April 17, 2017Neurology
In 1996, it was discovered that mutations in the ataxin 2 gene cause spinocerebellar ataxia type 2 (SCA2), a fatal inherited disorder that primarily damages a part of the brain called the cerebellum, causing patients to have problems with balance, coordination, walking and eye movements.
Mutations in ataxin 2 that are associated with SCA2 cause the gene to have polyglutamine expansions, strings of repeated copies of the three letter genetic code, CAG, which stands for the amino acid glutamine. On average, symptoms appear earlier and are more severe for patients who have longer strings. People who have only 27-33 repeats will not develop SCA2 but have an increased risk for ALS.
Now, in two studies of mice, reported in Nature (12 April 2017), it was shown that a drug, engineered to combat the gene that causes SCA2, might also be used to treat amyotrophic lateral sclerosis (ALS), a paralyzing and often fatal disorder. For the study, it was found that the problems associated with SCA2, could be reduced by injecting mouse brains with a drug programmed to silence the ataxin 2 gene. In the second study, it was showed that injections of the same type of drug into the brains of mice prevented early death and neurological problems associated with ALS. The type of drug used is called an antisense oligonucleotide. Like an incomplete row of teeth on a zipper, these drugs are short sequences of DNA designed to bind to a portion of a gene's instructions carried by a molecule called messenger RNA. This stops cells from manufacturing proteins, a process known as gene silencing.
An antisense oligonucleotide drug has been approved by the FDA for treating spinal muscular atrophy, a hereditary disorder that causes arm and leg muscle weakness and deterioration in children. Early phase clinical trials are being conducted on the safety and effectiveness of gene silencing drugs to treat several neurological disorders, including Huntington's disease and an inherited form of ALS.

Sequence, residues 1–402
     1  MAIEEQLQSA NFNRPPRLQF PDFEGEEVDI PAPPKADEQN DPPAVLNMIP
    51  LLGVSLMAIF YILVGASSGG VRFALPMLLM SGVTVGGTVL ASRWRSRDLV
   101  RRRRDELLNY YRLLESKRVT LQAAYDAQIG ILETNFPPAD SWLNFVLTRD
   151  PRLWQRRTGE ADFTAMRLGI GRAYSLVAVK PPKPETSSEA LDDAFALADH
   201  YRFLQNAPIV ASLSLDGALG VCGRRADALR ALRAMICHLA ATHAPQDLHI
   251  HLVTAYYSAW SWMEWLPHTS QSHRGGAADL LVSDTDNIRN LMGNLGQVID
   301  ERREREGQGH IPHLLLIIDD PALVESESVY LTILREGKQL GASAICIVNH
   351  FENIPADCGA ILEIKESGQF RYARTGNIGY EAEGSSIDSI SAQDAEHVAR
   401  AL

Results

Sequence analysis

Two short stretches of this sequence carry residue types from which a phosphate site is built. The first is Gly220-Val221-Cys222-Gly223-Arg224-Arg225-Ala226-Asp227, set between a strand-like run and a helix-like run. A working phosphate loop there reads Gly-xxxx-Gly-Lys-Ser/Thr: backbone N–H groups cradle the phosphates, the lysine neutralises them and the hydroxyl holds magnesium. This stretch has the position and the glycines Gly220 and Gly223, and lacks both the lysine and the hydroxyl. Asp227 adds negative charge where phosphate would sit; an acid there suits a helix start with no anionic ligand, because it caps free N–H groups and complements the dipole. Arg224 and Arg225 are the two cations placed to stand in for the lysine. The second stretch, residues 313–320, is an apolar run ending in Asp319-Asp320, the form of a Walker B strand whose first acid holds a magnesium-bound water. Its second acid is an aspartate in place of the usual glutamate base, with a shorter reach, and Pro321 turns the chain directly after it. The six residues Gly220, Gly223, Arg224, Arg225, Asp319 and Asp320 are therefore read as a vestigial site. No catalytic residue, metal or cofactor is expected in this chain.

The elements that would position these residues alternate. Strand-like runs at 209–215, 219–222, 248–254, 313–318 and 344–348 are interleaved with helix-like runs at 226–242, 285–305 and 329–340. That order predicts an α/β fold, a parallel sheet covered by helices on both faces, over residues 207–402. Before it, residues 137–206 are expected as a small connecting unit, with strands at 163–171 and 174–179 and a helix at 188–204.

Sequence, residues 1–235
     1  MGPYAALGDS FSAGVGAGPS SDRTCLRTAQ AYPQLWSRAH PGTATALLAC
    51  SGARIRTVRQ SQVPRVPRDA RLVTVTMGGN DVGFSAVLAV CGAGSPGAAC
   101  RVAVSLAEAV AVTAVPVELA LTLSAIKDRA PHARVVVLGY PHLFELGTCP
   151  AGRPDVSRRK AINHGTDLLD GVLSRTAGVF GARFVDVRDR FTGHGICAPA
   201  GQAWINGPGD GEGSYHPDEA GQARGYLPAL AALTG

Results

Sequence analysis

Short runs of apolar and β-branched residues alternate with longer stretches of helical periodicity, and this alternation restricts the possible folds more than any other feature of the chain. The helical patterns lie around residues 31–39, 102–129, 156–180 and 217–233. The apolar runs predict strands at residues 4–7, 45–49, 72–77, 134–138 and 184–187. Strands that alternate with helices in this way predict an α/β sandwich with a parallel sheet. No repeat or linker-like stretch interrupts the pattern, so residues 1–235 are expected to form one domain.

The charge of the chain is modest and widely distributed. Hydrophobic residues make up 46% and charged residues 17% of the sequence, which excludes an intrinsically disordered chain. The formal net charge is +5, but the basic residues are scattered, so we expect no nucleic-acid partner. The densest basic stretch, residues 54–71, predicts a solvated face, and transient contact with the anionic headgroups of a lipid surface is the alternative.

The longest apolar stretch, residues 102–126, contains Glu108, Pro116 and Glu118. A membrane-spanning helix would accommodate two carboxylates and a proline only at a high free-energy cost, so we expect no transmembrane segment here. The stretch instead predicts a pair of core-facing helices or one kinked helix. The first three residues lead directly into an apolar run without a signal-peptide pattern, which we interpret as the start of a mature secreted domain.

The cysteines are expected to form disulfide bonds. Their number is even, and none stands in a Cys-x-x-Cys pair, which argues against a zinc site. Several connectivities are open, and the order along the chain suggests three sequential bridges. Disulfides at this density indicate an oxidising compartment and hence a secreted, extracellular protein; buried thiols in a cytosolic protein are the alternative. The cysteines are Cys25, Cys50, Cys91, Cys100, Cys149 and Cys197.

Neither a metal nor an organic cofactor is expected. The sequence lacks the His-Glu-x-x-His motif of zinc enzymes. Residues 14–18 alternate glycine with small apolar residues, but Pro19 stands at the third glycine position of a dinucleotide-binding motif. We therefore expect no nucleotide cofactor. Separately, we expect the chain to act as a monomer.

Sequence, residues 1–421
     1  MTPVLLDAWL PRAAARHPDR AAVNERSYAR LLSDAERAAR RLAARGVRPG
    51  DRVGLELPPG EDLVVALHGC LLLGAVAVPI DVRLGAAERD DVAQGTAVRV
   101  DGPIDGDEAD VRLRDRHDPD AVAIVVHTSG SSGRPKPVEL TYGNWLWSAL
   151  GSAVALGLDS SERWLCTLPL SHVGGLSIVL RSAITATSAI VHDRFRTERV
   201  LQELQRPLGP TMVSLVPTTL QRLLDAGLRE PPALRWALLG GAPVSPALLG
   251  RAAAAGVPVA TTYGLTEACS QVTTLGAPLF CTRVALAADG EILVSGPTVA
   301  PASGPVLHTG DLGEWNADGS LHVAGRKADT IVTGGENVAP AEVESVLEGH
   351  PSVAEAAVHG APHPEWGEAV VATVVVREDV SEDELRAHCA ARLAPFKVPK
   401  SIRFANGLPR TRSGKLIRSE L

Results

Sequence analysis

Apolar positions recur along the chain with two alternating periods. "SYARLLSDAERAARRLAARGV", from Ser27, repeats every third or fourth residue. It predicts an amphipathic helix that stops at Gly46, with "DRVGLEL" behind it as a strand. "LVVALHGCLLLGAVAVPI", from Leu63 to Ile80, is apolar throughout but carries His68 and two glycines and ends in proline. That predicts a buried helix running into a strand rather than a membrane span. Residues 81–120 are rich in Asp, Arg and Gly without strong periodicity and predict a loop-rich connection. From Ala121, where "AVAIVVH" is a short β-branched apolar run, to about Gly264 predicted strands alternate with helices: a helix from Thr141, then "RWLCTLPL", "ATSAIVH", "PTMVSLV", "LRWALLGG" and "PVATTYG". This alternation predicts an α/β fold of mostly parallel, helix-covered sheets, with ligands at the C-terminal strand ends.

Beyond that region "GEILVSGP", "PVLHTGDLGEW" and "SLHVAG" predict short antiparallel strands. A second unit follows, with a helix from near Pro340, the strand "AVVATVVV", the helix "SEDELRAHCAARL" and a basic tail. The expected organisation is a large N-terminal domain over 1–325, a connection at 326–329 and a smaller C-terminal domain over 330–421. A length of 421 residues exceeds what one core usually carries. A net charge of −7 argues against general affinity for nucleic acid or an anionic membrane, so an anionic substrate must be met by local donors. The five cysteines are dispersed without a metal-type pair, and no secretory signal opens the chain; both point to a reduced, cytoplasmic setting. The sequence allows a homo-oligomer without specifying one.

The authors worked with a pharmaceutical company to develop antisense oligonucleotides that silence the ataxin 2 gene rather than the CAG repeats. They then tested oligonucleotides on two lines of mice genetically engineered to have problems associated with SCA2 by programming neurons in the cerebellum to make mutant ataxin 2. In both lines, the oligonucleotides appeared to be effective. Mice injected with the drug were able to walk on a rotating rod longer than mice that received a placebo. Electrical recordings showed the drug restored the firing patterns of neurons in the cerebellum to normal. In addition to reducing ataxin 2 gene levels, the researchers found that the drug also restored the levels of several genes that appear to be decreased by mutant ataxin 2.
Meanwhile, authors used different mice to test the idea of combating ALS by silencing ataxin 2. These mice were genetically modified to manufacture high levels of the human version of TDP-43, a protein that normally regulates genes. The researchers investigated these mice because neurons from ALS patients often contain toxic clusters of TDP-43. The mice rapidly develop problems with walking and die early. Previous studies on yeast and flies by Dr. Gitler's team and his collaborators have suggested that mutant ataxin 2 may control the toxicity of TDP-43. Compared to placebo, injections of the antisense oligonucleotides into the nervous system of the newborn mice extended their median lifespan by 35 percent and improved their ability to walk, while lowering ataxin 2 gene levels in the brain and spinal cord.
The authors saw similar results when they eliminated ataxin 2 by crossbreeding the TDP-43 mice with mice that are genetically programmed to have no ataxin 2 gene. The offspring lived longer and walked better than the TDP-43 mice. The brains of the offspring also had fewer toxic TDP-43 clusters than the TDP-43 mice.